Wednesday, February 20, 2019

Dead End

Under the pen name of Ed Lacy, author Len Zinberg wrote 28 novels between the years 1951 and 1969. In December 1958, “Mercury Mystery Magazine” ran a 100-page novella by Lacy called “Time Wounds All Heels.” The story was expanded and published as a hardcover in 1958 as “Be Careful How You Live” which was reprinted in 1959 as a paperback titled “Dead End.” It’s currently available as a cheap eBook in all formats.

As the story begins, two cops named Doc and Bucky (our narrator) are laying low in a filthy, roach-infested hideout with a million bucks cash in three ratty suitcases. How did they get there? What’s the story with all that cash?

Lacy slowplays the explanations over the course of the novel comprising mostly of flashbacks from Bucky’s youth and police career leading up to the million dollars in ill-gotten gains. The narrator cop grew up as a hard-scrabble youth with a troubled family background who learned to use his fists early in life. Eventually, he discovers police work and drifts into a life with problematic choices involving on-the-job graft.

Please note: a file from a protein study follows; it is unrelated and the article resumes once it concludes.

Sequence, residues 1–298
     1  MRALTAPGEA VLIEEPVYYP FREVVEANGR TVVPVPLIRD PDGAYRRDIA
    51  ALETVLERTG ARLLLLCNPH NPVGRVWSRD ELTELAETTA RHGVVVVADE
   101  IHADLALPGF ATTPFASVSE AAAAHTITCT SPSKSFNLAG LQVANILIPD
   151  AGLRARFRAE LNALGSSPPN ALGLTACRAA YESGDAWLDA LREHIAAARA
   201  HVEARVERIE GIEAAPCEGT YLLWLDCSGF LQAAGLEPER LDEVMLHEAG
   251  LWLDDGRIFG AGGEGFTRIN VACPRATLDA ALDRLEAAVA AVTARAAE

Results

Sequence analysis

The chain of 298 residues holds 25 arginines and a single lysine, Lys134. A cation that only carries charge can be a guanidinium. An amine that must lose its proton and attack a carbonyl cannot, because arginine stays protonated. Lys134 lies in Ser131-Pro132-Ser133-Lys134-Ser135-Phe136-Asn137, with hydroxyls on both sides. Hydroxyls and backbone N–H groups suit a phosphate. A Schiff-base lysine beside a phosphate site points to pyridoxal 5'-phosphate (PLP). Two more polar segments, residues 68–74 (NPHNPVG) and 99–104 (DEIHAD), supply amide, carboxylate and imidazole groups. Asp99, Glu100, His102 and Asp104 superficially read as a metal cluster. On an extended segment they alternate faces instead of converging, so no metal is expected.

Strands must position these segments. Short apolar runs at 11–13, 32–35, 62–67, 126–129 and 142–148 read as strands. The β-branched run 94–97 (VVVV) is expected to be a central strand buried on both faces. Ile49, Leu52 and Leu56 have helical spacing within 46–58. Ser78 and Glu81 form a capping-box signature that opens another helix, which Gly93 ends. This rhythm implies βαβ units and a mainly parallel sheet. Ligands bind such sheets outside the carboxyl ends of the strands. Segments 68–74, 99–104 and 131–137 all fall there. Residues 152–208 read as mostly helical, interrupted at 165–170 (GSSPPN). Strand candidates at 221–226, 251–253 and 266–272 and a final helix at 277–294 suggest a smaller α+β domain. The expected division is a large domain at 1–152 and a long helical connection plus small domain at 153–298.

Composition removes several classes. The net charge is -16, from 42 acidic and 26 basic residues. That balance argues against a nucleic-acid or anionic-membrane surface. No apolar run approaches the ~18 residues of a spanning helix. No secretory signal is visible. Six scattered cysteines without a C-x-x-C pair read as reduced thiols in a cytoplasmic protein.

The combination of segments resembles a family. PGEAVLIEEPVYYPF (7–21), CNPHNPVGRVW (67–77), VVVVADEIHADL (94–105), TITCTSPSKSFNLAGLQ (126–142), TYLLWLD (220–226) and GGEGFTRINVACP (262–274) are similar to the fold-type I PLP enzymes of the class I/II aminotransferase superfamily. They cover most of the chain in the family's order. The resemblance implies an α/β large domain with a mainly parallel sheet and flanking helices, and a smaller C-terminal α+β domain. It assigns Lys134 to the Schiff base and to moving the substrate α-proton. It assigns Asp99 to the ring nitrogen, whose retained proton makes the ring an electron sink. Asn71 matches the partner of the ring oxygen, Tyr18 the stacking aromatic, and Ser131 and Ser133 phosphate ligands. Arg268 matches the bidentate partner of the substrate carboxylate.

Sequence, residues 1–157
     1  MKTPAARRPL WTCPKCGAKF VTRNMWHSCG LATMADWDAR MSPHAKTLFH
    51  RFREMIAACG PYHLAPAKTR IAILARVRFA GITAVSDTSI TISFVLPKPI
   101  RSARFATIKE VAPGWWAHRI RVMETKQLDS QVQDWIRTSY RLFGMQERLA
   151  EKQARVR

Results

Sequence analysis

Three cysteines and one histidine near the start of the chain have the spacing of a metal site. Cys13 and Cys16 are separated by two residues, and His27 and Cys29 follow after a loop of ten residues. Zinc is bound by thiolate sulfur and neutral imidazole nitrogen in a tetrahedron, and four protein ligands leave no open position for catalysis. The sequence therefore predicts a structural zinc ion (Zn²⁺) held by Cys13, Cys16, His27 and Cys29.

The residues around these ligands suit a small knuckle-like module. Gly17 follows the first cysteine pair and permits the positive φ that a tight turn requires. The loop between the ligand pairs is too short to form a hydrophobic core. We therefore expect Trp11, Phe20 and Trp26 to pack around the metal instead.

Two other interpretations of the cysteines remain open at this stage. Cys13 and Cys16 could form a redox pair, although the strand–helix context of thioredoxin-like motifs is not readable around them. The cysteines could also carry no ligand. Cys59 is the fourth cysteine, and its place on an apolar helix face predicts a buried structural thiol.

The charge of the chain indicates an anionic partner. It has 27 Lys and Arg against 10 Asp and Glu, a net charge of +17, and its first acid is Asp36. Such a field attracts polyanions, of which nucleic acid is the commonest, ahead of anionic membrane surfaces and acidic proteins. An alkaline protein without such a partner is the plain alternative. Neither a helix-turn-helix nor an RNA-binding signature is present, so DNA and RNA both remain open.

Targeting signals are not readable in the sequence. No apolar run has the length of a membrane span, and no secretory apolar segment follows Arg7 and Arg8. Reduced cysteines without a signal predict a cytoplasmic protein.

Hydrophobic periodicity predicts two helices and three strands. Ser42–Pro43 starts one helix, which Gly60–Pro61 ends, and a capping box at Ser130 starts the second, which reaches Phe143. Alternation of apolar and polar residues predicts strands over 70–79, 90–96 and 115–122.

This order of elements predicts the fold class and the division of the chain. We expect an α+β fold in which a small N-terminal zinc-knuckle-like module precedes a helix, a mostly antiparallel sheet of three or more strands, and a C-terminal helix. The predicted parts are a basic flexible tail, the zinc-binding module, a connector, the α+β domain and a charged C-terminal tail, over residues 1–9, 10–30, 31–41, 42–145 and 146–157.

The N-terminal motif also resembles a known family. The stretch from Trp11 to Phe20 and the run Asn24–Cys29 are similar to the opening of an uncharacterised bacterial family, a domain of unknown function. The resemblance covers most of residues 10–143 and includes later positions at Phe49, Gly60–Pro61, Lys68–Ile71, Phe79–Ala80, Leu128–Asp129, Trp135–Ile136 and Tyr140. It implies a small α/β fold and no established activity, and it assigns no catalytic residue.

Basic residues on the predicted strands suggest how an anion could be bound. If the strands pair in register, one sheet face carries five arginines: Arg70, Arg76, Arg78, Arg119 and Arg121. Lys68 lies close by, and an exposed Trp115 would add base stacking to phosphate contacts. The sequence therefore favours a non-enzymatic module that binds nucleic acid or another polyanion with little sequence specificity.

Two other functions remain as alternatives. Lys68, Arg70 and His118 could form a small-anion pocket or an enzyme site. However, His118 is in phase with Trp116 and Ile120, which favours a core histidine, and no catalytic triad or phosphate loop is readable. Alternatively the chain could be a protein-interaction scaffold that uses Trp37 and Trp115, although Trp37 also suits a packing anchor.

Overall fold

Bucky’s moral descent is hastened once he latches onto Doc, a fellow police detective who becomes a father figure to Bucky. Doc’s expertise is making police work lucrative while also working hard to fight crime and solve important cases. All of this comes to a head when a big case brings a million bucks into the officers’ lives quite unexpectedly.

It took a bit for this novel to really grab me, but once it took off, it was a fantastic read. I suspect that the original 100-page novella was about perfect, and it was later filled out to novel length by adding flashbacks of Bucky’s youth and filler scenes delving into his complex relationship with his parents.

Either way, the crime story at the core of this novel is compelling as hell. Lacy’s writing is predictably top-notch, and the plot was never predictable. Mostly, I’m thrilled to see that there are people hard at work keeping Lacy’s fiction alive for today’s readers. This one is highly recommended for fans of fast-moving 1950s hardboiled crime fiction.

Buy a copy of this book HERE

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